We take a lot for granted these days. Everyone is using the internet today, but I can still remember a time when it was used by a minority.
Who’s Pushing It Forward These Days?
More than 50% of the worlds population still have no internet access.
Google has invested millions and millions into project such as Google Loon, a project that aims to bring the Internet everywhere, even to the most remote places on this planet.
As you can imagine, there are some pretty remote places on this planet. New Zealand for example is a country with very secluded settlements, so reaching everyone is a pretty difficult undertaking:
But also other companies like Facebook and Mozilla are helping to make the internet affordable for everyone.
Facebook has its own campaign that is trying to make the internet as cheap as it gets. Their internet.org campaign is trying to bring the internet to people with very little income in India, Kenya and other developing countries.
Mozilla is yet another company trying to push the boundaries. With its $33 smartphone that is available on one of India’s leading eCommerce sites ‘snapdeal.com’
3 Billion Internet Users By 2015
According to emarketer.com, 3 billion people will have internet access by 2015.
Unsurprisingly, Brazil and Indonesia will be among the 5 biggest nations on the internet. Ever since 2007, China had the most internet users and by now China has more internet users than the entire population of the USA.
It goes without saying that China will reach a billion internet users by 2020 (of 1,3+ billion people). China’s population growth rate is a mere 0.47% and it is expected that the population growth rate of the biggest nations (China, India, US) will turn negative eventually. The Deutsche Bank estimated the world population will peak at 8.7 billion by 2055.
What Are The Consequences?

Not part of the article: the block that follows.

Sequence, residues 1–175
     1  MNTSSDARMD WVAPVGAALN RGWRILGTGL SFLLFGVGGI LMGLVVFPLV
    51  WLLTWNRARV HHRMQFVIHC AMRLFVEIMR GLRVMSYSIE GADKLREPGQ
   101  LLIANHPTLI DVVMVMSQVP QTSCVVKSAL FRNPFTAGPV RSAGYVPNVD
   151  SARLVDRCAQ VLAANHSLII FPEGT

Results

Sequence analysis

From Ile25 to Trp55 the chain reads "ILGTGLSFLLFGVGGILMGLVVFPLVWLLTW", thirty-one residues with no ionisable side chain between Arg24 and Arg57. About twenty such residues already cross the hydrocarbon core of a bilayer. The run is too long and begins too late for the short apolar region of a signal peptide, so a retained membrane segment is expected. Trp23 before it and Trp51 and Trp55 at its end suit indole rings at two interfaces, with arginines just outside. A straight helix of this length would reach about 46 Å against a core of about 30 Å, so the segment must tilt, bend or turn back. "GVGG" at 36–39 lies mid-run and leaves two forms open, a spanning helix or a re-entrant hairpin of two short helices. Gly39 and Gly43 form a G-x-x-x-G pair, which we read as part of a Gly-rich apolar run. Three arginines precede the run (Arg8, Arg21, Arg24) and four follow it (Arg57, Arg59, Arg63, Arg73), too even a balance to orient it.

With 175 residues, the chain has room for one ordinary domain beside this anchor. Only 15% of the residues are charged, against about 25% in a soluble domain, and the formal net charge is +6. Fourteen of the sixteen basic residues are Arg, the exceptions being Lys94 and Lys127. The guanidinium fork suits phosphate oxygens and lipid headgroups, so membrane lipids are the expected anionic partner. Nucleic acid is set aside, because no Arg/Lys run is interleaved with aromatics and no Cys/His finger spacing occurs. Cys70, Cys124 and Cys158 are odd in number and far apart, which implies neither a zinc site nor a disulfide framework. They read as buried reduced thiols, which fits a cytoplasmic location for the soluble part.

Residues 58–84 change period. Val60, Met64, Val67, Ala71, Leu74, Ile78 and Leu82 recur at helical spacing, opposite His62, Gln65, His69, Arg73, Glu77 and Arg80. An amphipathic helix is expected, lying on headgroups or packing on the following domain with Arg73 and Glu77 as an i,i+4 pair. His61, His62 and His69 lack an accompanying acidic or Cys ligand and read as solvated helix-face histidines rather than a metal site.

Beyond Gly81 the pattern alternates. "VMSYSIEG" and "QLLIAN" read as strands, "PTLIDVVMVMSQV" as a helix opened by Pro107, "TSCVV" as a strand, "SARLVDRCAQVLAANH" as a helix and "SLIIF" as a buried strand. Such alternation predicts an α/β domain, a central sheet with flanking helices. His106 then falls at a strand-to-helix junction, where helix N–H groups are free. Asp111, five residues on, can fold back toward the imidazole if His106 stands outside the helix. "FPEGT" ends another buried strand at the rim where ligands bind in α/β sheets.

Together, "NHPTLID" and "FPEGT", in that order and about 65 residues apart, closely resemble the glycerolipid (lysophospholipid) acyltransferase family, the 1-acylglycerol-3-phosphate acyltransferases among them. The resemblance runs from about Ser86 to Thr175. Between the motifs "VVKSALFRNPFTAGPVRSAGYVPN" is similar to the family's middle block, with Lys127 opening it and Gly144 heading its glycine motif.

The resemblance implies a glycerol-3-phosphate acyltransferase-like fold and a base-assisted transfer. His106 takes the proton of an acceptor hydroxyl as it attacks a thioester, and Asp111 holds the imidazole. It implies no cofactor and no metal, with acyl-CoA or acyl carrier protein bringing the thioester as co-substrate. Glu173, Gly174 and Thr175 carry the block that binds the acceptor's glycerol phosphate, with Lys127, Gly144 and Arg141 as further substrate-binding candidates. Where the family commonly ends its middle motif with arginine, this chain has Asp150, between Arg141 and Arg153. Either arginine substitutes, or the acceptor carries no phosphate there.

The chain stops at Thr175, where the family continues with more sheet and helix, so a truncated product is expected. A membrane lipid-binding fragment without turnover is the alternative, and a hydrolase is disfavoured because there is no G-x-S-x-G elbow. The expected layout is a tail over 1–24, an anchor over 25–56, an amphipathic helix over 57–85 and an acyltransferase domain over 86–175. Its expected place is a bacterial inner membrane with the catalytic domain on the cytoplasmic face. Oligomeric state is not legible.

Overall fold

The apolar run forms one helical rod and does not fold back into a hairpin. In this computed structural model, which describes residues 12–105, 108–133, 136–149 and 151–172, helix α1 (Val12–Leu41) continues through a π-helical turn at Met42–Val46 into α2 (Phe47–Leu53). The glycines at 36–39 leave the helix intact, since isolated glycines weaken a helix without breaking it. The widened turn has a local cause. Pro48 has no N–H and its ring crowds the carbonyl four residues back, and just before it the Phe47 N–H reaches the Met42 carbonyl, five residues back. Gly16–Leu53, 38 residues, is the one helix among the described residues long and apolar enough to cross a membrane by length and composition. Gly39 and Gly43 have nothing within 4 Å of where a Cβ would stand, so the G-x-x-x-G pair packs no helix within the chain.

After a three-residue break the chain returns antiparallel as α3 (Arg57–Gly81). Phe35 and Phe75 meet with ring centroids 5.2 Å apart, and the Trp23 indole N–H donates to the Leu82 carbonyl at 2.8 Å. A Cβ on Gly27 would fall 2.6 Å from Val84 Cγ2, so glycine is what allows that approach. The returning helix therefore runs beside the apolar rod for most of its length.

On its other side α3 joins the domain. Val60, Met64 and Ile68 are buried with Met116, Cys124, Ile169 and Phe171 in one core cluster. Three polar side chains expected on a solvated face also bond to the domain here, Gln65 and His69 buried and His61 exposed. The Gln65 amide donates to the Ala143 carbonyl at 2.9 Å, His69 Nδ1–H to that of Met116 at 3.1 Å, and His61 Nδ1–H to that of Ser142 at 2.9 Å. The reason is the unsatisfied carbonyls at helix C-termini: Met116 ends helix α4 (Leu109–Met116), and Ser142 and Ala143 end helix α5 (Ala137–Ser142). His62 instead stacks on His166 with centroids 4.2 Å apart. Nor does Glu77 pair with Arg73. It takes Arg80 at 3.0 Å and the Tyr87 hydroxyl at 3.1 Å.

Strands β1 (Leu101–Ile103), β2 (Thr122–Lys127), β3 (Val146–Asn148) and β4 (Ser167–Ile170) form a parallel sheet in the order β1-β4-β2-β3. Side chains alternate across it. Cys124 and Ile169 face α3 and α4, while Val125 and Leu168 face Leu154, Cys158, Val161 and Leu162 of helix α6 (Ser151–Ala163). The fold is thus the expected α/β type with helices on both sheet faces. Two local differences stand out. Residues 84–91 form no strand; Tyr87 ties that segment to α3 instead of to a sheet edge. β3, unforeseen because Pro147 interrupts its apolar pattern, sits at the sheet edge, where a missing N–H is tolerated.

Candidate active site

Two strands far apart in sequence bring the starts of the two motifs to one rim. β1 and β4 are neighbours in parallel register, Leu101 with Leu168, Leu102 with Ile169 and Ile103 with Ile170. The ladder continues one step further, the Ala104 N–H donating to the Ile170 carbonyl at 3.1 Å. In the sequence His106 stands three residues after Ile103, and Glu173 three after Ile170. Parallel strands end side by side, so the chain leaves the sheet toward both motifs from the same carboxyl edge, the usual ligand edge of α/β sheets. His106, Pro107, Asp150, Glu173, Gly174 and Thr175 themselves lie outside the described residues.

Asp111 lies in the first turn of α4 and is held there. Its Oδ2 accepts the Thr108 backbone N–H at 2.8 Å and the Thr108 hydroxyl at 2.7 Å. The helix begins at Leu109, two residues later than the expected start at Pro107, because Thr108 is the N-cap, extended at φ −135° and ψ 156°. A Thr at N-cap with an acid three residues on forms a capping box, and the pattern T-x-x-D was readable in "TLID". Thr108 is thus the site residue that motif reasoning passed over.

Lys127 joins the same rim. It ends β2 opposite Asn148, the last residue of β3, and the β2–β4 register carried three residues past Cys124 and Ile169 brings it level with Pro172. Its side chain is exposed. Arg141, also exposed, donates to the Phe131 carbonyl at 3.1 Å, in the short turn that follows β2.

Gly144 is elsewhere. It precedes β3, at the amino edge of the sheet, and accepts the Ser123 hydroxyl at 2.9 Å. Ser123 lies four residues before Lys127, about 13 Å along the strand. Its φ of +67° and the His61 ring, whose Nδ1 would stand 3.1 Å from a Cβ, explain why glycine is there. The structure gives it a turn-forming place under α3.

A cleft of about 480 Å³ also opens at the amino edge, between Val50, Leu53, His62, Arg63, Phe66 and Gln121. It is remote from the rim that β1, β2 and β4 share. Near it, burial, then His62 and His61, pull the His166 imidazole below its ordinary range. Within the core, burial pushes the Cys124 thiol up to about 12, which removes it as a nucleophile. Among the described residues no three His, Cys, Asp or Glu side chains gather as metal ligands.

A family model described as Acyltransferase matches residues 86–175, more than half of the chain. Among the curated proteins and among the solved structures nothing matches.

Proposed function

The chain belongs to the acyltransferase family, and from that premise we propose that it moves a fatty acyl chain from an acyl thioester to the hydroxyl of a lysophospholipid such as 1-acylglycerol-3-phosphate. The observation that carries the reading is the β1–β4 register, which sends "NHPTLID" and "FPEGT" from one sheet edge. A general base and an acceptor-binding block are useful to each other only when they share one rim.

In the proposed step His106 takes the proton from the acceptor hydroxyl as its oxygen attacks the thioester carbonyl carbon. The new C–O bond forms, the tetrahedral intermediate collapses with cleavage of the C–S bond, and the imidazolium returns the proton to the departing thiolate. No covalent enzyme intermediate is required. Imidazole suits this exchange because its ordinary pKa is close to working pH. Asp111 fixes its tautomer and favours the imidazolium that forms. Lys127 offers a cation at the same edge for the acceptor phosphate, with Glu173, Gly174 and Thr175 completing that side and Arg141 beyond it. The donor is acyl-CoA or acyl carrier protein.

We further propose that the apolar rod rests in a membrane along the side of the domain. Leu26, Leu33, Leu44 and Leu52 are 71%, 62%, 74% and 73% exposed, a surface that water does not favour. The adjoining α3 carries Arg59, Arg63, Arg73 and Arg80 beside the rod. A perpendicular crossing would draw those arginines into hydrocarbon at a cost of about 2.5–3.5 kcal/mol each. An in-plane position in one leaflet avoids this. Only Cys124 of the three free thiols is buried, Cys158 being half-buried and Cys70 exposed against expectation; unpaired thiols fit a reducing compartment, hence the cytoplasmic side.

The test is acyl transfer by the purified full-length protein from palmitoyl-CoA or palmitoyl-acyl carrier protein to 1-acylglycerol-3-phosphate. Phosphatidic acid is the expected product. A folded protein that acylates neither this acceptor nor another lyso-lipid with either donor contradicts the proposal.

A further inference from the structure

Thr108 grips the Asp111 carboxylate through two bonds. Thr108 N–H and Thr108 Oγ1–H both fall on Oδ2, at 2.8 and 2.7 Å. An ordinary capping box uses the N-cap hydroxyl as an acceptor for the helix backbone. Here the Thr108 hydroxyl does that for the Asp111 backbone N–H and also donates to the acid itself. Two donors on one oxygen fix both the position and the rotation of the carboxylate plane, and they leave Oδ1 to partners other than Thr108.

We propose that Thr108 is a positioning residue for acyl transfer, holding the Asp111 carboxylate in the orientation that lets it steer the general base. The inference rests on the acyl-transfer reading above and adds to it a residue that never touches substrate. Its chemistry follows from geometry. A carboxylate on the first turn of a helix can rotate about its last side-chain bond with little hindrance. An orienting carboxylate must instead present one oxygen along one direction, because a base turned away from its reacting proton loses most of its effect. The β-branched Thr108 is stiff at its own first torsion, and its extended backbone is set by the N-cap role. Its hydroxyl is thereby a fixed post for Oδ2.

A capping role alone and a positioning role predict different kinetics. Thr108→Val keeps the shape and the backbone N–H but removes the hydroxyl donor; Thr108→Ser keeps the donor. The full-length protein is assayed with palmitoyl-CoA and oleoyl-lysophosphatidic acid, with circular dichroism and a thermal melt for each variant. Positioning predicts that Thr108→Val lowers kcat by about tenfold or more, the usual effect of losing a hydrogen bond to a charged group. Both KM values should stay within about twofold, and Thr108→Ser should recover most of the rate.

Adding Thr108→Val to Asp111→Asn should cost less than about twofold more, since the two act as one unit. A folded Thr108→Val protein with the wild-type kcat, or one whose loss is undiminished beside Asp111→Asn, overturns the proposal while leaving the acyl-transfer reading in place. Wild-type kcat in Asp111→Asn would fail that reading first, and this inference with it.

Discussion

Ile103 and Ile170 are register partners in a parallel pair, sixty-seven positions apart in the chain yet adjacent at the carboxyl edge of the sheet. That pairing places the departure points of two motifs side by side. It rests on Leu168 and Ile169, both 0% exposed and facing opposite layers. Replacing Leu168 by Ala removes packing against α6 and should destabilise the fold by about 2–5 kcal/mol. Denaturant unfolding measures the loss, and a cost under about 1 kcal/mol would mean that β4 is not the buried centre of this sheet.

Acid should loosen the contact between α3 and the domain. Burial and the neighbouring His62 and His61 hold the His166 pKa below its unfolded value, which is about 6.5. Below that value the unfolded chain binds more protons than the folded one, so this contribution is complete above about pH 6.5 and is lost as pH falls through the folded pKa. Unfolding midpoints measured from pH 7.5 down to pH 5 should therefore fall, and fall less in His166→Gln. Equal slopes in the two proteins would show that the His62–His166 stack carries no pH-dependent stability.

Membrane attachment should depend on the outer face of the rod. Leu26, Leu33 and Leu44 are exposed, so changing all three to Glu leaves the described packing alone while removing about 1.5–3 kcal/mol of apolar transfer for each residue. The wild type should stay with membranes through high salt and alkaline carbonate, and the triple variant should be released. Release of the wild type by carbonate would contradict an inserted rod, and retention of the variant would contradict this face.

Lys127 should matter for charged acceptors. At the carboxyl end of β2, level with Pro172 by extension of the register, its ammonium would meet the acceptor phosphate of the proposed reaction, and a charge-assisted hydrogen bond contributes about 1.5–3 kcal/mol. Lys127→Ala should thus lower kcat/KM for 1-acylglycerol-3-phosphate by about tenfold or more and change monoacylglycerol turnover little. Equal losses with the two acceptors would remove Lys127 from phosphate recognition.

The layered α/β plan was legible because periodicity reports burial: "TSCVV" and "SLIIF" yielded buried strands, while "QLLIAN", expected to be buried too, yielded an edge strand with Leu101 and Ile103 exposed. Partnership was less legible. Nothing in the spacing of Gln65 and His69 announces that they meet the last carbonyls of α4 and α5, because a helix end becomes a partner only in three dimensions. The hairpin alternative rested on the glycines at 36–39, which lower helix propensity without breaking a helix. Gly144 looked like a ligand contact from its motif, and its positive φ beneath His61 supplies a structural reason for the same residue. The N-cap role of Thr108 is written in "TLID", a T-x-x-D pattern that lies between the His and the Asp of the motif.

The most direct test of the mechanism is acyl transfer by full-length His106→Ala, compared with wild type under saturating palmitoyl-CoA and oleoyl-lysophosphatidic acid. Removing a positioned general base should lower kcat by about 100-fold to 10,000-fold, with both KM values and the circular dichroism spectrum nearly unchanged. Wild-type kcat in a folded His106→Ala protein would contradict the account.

Countries such as Nepal, Kenya, India and many others are underbanked. Receiving payments sometimes takes weeks. Digital currencies solve this problem and will rapidly increase internet use in developing countries.
China has overtaken the US in almost every aspect, except innovation. Hotspot-Innovation and the “Local Food/Products Movement” are among the most important trends that prevent an economic collapse. For this reason, the FED and other institutions in the US are welcoming digital currencies. They are aware of the paradigm shift and know that they need to prepare their economy for the banking revolution. It will be interesting to see how Russia and China respond to this development.
What Other Trends Will Shape The Internet?
Facebook has heavily invested into virtual reality. Although, Facebook is grossly overvalued at this point, they have set themselves up for future growth by buying headset-maker Oculus, but it’s still unclear whether consumers will accept this technology. Google Glass has created a very bad public image of augmented reality and virtual reality as well.
By 2020, most of the internet communication will include some form of holographic interaction. Digital avatars will be common. 3D scanners are already cheaply available and companies will emerge that will take body scans to the next level, allowing everyone to put a digital copy of themselves online.
Mind to PC:
It is also obvious, that new peripherals will emerge. Mind-to-computer interfaces will emerge, making it possible to control search engines using thoughts. This sounds like science-fiction, but it is not. In fact, the technology is already available and it won’t be long until this will go mainstream. 6 years are sufficient for this development to play out.
The most important development right now is the IoT (Internet of Things). Every “smart” device will have its own internet connection by 2020.